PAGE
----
And of course this occurred to me, "There was a similar feeling at the Beach Impeach events." An incredulous sense in the crowd, a borderline giddiness, an uncertainty, a willingness. Everyone here because a friend had shared news of it. Everyone absolutely open to the possibility of something great and unexpected happen.

I write this story's all I know to do. This is my way of creating community. And democracy.

I hope you'll share news of the Slash Oil event with (forward this email to) anyone you think would be interested.

If you can come, I hope that you indeed will come. And if you are planning to come, I hope you will register in advance so that I can know what size crowd to prepare for.

Enter "Slash Oil" in the search bar at this site

Hope to see you soon.


Nineteen days to go -- Please Register


(Please Register here )

June 7 -- Nineteen days to go

Hey there YOU,

Yesterday, while attending a retirement party for the head of my daughter's school, I experienced an important reminder about the Slash Oil event: It really isn't about me!

Yes, I'm providing the venue and the focus and the credit card and I'm doing most of the organizing that will allow this event to happen. But it's not about me. I'll be 60 next year, and by now I've failed and I've succeeded enough times in life to know that in the long run it really doesn't matter whether Slash Oil is deemed a huge success or a pitiful failure. (Do not doubt, however, that I'm doing all I can to make it the former.)

This event is about something much larger than my own personal performance. While it indeed is focused on the almost-unimaginable Gulf disaster, it is also focused on the difference that I know YOU want to make in your community and in your world. I've spoken with enough people in the last month -- not just in my cab, but in my personal life and via email exchanges -- to know how important all of these things are to you, to all of us. You care about what happens in your world. You want to have your opinion noted as strongly as the opinions of others. And You want to have a little fun expressing your opinion. During 2007, several thousand of us proved the concept: Sand/people/helicopter/postcards/peaceful-easy-feeling/media, etc.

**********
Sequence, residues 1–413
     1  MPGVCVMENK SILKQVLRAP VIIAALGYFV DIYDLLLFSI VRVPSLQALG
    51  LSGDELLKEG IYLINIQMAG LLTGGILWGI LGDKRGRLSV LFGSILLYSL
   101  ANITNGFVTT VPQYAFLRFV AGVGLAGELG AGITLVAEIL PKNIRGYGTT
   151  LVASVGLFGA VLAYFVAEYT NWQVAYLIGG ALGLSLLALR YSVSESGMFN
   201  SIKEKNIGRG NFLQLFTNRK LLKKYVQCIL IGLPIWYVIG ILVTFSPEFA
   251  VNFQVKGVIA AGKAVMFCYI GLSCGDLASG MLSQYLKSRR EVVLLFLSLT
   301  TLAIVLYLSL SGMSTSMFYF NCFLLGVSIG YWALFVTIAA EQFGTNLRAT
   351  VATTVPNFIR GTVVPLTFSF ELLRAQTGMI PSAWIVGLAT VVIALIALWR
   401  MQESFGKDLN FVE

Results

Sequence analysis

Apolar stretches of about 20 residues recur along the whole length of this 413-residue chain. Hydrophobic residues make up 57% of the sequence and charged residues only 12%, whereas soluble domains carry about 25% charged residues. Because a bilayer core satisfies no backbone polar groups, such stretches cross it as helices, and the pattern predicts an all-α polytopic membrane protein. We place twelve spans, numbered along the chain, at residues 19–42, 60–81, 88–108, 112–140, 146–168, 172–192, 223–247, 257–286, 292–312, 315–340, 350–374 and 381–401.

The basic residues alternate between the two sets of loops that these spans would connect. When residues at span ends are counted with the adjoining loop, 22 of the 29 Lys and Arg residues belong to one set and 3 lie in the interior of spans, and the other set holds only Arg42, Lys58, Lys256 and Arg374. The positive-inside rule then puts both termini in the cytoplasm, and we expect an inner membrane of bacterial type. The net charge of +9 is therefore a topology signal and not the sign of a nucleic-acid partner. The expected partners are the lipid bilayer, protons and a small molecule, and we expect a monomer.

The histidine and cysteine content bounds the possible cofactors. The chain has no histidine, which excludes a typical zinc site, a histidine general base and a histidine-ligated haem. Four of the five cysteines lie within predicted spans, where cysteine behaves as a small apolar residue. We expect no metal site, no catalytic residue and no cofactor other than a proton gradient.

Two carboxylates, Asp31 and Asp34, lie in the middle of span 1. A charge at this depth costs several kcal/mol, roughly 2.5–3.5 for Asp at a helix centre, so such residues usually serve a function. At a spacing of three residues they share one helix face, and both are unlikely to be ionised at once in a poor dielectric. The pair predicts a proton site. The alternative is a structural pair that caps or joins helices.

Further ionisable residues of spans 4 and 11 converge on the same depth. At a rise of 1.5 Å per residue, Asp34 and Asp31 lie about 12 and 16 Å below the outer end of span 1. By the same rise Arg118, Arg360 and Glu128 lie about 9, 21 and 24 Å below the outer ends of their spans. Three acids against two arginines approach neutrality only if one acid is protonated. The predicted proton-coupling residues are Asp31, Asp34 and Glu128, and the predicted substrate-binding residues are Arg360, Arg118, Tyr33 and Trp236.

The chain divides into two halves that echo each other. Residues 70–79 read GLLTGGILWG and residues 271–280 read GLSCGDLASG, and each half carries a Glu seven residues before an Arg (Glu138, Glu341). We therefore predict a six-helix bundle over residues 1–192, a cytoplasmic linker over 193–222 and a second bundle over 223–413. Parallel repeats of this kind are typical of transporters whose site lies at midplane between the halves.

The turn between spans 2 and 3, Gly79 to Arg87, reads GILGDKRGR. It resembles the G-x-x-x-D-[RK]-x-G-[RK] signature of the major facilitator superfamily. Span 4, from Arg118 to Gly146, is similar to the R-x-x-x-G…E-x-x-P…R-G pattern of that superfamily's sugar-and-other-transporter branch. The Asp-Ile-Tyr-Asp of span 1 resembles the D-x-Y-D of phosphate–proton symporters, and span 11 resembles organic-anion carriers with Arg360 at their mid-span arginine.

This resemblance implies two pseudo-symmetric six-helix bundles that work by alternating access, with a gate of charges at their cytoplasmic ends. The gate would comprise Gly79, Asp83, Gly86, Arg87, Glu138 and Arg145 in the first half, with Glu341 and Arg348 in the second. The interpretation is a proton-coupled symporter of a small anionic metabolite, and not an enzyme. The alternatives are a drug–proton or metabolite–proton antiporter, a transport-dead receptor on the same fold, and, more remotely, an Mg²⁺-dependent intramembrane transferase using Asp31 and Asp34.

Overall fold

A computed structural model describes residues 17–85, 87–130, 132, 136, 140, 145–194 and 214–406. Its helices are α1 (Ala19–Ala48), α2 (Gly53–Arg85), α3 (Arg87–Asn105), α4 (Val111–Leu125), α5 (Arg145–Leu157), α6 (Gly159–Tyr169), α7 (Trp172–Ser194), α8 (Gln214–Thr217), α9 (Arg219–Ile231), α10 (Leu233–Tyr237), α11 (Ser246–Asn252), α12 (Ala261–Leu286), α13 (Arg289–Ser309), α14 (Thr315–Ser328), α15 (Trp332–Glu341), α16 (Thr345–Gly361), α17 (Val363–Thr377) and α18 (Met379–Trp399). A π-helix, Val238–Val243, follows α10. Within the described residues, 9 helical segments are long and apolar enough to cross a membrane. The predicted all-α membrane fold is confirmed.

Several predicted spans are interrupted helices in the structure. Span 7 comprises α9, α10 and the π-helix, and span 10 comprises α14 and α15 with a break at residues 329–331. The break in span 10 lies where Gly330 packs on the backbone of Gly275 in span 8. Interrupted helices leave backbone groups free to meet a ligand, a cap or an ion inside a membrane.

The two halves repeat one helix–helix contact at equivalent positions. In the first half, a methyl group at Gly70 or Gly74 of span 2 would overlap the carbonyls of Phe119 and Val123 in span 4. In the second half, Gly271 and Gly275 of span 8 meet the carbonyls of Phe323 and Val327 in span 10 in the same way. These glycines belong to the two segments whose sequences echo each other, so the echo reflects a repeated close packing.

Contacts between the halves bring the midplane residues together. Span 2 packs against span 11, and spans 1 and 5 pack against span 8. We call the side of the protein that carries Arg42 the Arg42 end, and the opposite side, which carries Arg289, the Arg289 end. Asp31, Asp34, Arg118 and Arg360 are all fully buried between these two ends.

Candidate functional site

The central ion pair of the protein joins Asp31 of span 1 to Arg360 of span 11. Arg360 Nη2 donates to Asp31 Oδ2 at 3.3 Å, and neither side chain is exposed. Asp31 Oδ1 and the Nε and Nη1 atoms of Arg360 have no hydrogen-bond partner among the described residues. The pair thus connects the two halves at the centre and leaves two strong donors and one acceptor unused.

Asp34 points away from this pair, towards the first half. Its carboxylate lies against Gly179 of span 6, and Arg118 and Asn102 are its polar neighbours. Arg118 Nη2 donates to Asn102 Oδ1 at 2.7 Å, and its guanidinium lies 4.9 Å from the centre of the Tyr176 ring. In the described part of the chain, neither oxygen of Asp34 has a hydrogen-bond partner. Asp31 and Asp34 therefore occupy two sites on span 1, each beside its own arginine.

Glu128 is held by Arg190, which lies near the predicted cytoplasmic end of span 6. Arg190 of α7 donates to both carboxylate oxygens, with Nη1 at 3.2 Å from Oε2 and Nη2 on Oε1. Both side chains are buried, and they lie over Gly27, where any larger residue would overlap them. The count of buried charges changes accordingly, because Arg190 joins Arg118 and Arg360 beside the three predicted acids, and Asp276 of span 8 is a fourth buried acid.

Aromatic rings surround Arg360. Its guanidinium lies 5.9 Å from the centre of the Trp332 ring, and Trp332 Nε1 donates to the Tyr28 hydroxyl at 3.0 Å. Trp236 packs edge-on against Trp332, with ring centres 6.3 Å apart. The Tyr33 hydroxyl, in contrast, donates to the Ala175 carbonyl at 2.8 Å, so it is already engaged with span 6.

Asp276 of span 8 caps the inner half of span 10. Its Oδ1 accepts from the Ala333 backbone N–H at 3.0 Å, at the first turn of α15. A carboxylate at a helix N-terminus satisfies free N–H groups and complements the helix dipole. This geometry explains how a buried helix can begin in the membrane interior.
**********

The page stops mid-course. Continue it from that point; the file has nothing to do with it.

Now in 2010 there's an opportunity to build on that groundwork. Slash Oil. Saturday, June 26, 10 a.m. Ocean Beach, San Francisco.

Please spread the word, and if you can come, please sign up. It's simple and it's free:

-- Go to

-- Enter "Slash Oil" in the search bar

-- If you're not already a member, you must perform the simple (and cost- free) act of opening a (repeat: FREE) account.

-- Enter your name and email.


I'm scrambling -- I'm way behind answering emails -- please forgive me.

Hope to see you in nineteen days.



June 5, 2010

"SLASH OIL" EVENT -- June 26, 10 a.m., Ocean Beach, SF

Well, here it is, early Saturday morning, exactly three weeks from what I've come to call "Slash Oil"...

This is the time where I start to freak out. I've got the helicopter and photographer lined up. Yesterday the Park Service gave me a verbal ok for 2,000 people to take part, instead of 1,000. I've got an image sketched out. I have the tools and the know how. Now I need 2,000 people. Given the conversations I've been having with people in my cab and in my life, I like to think that there are AT LEAST 2,000 people who feel strongly enough about this Gulf catastrophe, and who enjoy an hour at the beach in the company of like minded others. Now, how to best get the word out to them?

The sign-up mechanism I used for Beach Impeach no longer exists. I'm trying to figure out a new way to "register" people -- all this really means is that I want some way for 2,000 people to be able to go online and ad their name to a list indicating their intention to come to Ocean Beach on June 26.

I'm working on it...

Please stand by...